Sliding paint around on YUPO can be compared to the phrase we often hear now --- '''herding cats.''' (Doesn't THAT paint a picture in your mind?)

For this painting, the sliding paint almost worked for the fur on this cat's face. Then the little spot dried between her nose and eye, leaving an unnatural hard edge where I did not want a hard edge. Somehow, for once, I was able to leave that spot alone and go on with the rest of the painting. Trying to correct it after it had dried would've resulted in destroying the beauty of the cheek area.

Once the whole thing was completed, I found that the hard edged spot no longer bothered me. In fact, I liked what it did for the painting.

I also got lucky under her chin where the background color sneaked into the wet paint of her fur, adding just bit cooler look to the shadow there. The grainy area between the ear and the eye is a result of the Lunar Earth separating or granulating in the Quinacridone Burnt Orange area.

If you haven't tried YUPO yet with watercolor, you are missing out on a great adventure. Although this was painted back in 2001, it's still one of my favorite paintings. Fortunately I'd made giglee' prints of it before it sold.

"GRRRRRRR" Transparent Watercolor on YUPO 10 x 12" Collected



Figuring out how to paint glass seems to be one thing that stumps some artists. But it's actually exactly the same as anything else we try to paint. Look at the shapes of the darks and lights on the glass surface, and capture those shapes with the correct values and with accurate edges.

Most of learning to paint and draw is about seeing. Training our eyes to see what is REALLY there, rather than what we think is there, is vital to developing our creative process. Observing the actual shapes that are created by the different darks and lights, seeing the changes in the edges of those darks and lights --- seeing values, seeing edges --- that's what helps us know what to paint.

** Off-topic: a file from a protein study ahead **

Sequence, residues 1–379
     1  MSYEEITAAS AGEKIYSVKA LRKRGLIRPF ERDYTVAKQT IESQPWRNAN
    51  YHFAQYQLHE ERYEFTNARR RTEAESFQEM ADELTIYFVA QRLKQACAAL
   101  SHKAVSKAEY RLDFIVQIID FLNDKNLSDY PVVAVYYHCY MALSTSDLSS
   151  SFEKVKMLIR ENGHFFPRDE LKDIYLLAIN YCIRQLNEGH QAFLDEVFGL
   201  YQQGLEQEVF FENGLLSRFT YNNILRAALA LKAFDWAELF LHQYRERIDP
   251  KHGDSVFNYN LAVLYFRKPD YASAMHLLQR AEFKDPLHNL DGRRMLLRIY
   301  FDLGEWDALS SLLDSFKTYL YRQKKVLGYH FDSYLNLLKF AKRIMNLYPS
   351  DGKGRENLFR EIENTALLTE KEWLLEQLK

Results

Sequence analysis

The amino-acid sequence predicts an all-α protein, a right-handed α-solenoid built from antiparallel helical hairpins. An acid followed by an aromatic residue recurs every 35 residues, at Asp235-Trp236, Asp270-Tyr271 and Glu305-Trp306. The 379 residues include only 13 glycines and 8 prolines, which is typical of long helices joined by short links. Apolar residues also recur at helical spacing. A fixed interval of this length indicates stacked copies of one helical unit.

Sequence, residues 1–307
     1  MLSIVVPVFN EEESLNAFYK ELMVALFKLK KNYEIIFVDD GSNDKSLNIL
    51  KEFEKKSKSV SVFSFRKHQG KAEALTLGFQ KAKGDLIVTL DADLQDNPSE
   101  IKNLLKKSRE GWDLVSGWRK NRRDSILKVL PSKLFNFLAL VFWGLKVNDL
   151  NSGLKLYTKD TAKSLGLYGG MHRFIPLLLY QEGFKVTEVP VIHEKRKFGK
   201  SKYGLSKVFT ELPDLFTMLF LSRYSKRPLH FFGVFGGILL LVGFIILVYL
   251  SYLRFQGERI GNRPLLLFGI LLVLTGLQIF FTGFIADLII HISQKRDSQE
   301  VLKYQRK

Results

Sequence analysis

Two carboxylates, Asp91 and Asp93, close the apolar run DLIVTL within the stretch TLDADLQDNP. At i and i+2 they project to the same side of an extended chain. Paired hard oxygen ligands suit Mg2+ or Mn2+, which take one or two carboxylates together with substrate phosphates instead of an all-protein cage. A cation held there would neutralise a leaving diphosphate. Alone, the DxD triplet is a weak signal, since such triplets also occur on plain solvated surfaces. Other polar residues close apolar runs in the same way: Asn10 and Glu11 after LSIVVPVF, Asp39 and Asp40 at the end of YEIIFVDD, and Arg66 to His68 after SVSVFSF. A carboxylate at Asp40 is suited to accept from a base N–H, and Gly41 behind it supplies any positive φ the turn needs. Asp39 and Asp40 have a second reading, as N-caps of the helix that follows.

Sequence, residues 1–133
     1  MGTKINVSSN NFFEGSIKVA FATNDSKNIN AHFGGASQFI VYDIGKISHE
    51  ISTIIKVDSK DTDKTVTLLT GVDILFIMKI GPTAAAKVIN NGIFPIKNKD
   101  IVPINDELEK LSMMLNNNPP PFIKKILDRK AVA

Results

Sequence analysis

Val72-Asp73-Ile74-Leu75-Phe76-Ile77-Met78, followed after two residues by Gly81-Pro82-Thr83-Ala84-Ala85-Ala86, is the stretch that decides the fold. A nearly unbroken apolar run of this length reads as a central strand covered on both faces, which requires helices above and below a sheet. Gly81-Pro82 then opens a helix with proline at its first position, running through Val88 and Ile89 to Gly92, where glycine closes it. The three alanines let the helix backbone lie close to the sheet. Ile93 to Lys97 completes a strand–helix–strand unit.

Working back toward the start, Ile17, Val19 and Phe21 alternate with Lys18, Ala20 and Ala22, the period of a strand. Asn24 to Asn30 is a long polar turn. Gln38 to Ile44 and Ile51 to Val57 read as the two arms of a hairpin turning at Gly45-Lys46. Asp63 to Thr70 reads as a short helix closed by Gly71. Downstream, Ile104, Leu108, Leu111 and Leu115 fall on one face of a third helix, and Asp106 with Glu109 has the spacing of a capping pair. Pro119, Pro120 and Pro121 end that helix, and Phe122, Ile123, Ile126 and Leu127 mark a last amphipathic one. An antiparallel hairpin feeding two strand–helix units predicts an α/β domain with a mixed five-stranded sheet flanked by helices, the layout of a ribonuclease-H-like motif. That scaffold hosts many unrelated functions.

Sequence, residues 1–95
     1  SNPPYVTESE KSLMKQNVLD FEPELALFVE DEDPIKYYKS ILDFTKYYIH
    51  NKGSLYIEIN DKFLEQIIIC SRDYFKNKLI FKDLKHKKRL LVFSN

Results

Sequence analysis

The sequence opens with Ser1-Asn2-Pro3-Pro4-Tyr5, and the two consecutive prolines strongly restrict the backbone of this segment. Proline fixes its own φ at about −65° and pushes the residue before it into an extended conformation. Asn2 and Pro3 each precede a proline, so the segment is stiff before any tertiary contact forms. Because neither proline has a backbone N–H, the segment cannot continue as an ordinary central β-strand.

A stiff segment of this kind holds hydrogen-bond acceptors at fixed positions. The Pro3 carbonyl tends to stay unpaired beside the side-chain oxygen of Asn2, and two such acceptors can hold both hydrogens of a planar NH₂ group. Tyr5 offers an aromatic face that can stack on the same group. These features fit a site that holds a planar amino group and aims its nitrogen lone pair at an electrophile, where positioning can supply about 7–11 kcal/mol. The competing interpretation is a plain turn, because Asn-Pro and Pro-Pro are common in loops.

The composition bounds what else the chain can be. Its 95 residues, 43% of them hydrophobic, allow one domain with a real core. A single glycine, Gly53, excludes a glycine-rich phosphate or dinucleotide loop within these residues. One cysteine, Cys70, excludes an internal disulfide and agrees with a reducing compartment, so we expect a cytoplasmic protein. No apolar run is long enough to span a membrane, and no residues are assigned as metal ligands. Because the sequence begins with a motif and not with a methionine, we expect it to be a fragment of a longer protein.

By far, the most influential element that we (mistakenly) think we must paint is color. A person may spend lots of time trying to find the perfect match for a color. However, color's main job is to develop the emotion of a painting. It also adds atmospheric perspective to a painting. Color alone seldom describes an object very well. The darks and lights or VALUE changes are what does the job of telling us what's going on in a painting, what it's about.

When painting glass, (or brass or any shiny item,) a broad range of colors will work as long as the lights and darks are created in the correct shapes with the correct edges. To give more emphasis to this, I've added some Photoshop enhanced pictures of the above painting.

The first pix has much less value change, with fewer darks and lights, resulting in a flatter painting, showing what happens when there's not enough value change from light to dark. While the jars still may look like canning jars, there is no impact when looking at the painting because the value changes are only strong between the metal handles and the glass. The other three 'paintings' now have crazy color combinations, to show that glass looks like glass if the values and edges are correct, whether the 'color' is correct of not. COLLECTED



This guy had the most beautiful blue eyes. As he finished his lunch at an old diner in Colorado, I asked if I could take his picture to paint. He was gracious enough to say, 'Yes.'

His eyes were so gentle, kind... and direct, making them the specific reason for me to want to paint the portrait. I wonder why some people are so much more photogenic than others. He struck a casual pose outside the diner, and the only thing left to do was capture it all on watercolor paper, which I was anxious to do.

"COLORADO ROCKY" Transparent Watercolor on 140#CP Fabriano Artistico 15 x 11"